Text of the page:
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Ultra-widefield fluorescein angiography of white without pressure

Authors Orlin A, Fatoo A, Ehrlich J, D'Amico DJ, Chan RP, Kiss S

Received 30 January 2013

Accepted for publication 18 March 2013

Published 24 May 2013 Volume 2013:7 Pages 959—964


Checked for plagiarism Yes

Review by Single anonymous peer review

Peer reviewer comments 6

Anton Orlin, Aalya Fatoo, Joshua Ehrlich, Donald J D'Amico, RV Paul Chan, Szilárd Kiss

Department of Ophthalmology, Weill Cornell Medical College, New York, NY, USA

Purpose: To describe ultra-widefield fluorescein angiography (UWFA) findings in eyes with white without pressure (WWOP) and in eyes without any obvious peripheral chorioretinal disease, and to determine if a difference exists between these two groups.
Methods: A retrospective review of 379 eyes undergoing diagnostic UWFA using the Optos 200Tx imaging system. Eyes were excluded if the quality of the color photograph or UWFA prevented reliable evaluation. Eyes were also excluded if there was any evidence of peripheral retinal or choroidal disease, which was thought to have an effect on UWFA (eg, peripheral background diabetic or hypertensive retinopathy, vein occlusion, or any other peripheral vascular disorder). Eyes were determined to have WWOP, based on a dilated fundus examination and color fundus photography that contained areas of peripheral retinal whitening consistent with the diagnosis. UWFA was evaluated by trained masked graders, and determined to have or not have peripheral vascular leakage and/or staining.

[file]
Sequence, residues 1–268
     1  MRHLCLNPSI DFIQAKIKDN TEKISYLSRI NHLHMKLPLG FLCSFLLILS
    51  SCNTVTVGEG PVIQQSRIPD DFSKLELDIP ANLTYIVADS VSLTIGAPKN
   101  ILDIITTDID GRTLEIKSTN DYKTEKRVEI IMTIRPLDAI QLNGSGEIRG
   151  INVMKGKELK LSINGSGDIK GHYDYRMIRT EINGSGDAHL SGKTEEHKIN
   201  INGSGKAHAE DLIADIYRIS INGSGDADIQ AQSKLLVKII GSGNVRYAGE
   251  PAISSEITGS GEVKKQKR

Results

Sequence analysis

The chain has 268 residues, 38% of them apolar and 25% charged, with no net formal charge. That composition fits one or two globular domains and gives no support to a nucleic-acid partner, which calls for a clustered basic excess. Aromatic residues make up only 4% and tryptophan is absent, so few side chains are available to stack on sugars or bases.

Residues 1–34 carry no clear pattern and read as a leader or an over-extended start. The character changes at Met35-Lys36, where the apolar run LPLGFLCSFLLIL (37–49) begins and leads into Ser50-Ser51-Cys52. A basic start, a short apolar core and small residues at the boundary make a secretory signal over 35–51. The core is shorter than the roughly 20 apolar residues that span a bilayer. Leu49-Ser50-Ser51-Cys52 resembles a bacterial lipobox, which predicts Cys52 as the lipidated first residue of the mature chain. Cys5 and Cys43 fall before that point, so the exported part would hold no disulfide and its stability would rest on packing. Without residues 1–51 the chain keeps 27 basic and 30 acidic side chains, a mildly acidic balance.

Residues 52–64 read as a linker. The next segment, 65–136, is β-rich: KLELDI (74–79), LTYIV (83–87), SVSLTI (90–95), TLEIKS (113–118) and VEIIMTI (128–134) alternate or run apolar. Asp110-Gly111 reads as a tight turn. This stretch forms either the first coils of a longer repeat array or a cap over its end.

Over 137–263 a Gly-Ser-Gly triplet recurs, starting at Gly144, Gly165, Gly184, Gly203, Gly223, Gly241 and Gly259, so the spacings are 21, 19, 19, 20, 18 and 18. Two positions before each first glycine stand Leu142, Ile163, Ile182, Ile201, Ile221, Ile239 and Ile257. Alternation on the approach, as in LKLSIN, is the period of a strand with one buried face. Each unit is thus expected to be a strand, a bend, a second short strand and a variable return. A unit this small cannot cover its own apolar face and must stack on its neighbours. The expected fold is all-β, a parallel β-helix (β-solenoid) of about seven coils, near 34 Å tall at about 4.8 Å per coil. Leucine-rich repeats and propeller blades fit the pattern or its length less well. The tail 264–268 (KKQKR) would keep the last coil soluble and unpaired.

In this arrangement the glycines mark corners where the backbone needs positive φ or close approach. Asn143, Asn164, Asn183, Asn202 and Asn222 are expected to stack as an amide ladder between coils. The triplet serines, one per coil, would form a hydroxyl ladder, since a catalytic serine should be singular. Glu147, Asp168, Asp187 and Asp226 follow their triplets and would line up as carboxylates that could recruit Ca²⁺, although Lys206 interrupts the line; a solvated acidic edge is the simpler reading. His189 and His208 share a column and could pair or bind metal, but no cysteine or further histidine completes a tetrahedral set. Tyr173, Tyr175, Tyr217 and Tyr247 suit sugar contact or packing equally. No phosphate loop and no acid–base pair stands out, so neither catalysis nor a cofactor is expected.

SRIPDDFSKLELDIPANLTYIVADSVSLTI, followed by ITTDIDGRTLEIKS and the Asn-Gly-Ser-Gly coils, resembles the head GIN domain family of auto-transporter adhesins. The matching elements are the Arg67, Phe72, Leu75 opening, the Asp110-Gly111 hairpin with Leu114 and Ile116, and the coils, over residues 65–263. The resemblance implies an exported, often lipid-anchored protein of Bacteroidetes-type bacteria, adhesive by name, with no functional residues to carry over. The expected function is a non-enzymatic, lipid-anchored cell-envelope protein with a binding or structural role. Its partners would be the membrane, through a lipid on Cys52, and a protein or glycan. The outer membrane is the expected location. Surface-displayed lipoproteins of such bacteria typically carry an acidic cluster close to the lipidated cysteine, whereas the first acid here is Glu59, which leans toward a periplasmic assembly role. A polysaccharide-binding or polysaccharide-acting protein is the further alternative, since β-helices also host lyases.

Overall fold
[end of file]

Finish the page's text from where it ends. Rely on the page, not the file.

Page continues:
Results: Of the 379 eyes evaluated, 45 eyes were included in the study. Twelve eyes were determined to have peripheral WWOP; 33 eyes did not have WWOP on examination or color fundus photography. Three common UWFA peripheral patterns were visualized. Eyes with and without WWOP were grouped into one of three patterns. The majority of eyes without WWOP demonstrated UWFA pattern one (69.7%), while those in the WWOP group demonstrated pattern three (50%). The distribution of UWFA patterns is statistically different between those with and without WWOP (P = 0.002). In eyes without WWOP, in patients with no documented systemic microvascular disease (diabetes, hypertension), 71.4% of eyes had UWFA pattern one while 14.3% had both patterns two and three.
Conclusion: This study is one of the first to specifically evaluate peripheral vascular leakage/staining in eyes with WWOP as well as in eyes without any obvious peripheral chorioretinal disease. We demonstrate that a significant portion of WWOP eyes exhibit peripheral findings on UWFA (pattern one) compared to eyes without WWOP. Importantly, even in eyes that are apparently unremarkable in the periphery on exam and color photography, UWFA can still show peripheral vascular abnormalities. These results warrant further investigation.

Keywords: ocular imaging, ptos imaging, retina periphery

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